Mirror neurons are a subset of so-called motor-command neurons in macaque monkeys, which have been found to become activated both when a specific type of movement is initiated, and when the same type of movement is observed being carried out by an experimenter.
Giacomo Rizzolatti and colleagues presented their discovery of mirror neurons in a paper in 1992, which describes mirror neurons found in area v5 of the Macaque cortex using recordings of single-neurons (1). Neurons with ‘mirror’ properties have later been found in the monkey inferior parietal lobule (2). It has been suggested that mirror neurons might also be found in humans, although this has not been demonstrated in any single-neuron study. Studies using indirect methods such as functional imaging, magnetoencephalography and EEG have indicated that humans may have similar mirror-circuits to monkeys (3).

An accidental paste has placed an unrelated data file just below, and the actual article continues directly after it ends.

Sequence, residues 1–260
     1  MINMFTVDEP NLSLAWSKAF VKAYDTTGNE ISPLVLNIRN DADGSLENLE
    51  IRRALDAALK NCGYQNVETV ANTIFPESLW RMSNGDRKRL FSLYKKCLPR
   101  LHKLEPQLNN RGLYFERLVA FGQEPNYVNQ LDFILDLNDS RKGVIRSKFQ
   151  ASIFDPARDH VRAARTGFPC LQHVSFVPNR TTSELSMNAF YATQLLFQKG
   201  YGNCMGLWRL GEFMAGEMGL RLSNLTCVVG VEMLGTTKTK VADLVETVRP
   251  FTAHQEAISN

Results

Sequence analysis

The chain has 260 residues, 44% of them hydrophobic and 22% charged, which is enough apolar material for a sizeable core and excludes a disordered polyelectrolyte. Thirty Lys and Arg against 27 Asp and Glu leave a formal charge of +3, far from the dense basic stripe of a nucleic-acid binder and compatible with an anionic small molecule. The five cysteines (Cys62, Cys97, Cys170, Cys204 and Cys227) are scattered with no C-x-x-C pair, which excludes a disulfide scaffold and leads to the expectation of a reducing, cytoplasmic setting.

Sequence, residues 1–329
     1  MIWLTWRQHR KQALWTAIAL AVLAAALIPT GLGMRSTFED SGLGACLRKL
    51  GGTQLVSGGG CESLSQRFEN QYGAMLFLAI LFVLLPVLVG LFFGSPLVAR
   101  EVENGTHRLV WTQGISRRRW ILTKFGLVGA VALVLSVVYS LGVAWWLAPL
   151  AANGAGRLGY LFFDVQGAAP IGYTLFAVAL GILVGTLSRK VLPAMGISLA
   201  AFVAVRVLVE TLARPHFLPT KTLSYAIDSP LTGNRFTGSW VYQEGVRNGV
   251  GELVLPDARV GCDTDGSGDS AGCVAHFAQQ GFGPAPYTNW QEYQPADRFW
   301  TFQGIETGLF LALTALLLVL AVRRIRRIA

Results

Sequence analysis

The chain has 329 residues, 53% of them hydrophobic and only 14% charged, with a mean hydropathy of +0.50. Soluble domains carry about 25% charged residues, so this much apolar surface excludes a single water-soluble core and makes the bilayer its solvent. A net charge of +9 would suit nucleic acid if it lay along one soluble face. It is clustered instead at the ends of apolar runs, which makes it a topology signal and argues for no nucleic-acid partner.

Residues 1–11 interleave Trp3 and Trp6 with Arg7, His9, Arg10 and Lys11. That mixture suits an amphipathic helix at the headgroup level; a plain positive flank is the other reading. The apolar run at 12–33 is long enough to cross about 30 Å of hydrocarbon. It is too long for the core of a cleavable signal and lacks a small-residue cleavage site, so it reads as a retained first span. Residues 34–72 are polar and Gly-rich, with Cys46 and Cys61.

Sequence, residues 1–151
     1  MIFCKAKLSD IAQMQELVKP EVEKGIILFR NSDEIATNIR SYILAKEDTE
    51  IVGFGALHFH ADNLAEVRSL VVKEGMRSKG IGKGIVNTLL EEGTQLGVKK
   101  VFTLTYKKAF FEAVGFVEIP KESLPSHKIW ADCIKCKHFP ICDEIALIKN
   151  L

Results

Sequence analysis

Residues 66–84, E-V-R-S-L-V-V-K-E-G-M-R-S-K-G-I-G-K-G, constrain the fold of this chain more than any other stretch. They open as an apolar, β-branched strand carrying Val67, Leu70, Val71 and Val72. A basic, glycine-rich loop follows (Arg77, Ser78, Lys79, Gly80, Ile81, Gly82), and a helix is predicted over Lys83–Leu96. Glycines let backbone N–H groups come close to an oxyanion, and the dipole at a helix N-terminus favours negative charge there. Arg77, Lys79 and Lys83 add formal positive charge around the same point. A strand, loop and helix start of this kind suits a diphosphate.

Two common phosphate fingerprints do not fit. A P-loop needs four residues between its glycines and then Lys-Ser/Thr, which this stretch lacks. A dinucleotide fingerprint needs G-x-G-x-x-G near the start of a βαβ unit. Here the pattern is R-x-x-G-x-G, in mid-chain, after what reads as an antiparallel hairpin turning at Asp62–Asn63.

1. Di Pellegrino, G., Fadiga, L., Fogassi, L., Gallese, V., & Rizzolatti, G. (1992). “Understanding motor events: a neurophysiological study”. Experimental Brain Research, 91, 176-180. (Link to PDF file).
2. Rizzolatti, G., Fogassi, L., Gallese, V. (2001) Neurophysiological mechanisms underlying the understanding and imitation of action. Nat Rev Neurosci 2:661–670
3. Rizzolatti, G. (2005) “The mirror neuron system and its function in humans” Anatomy and Embryology, 210: 419–421.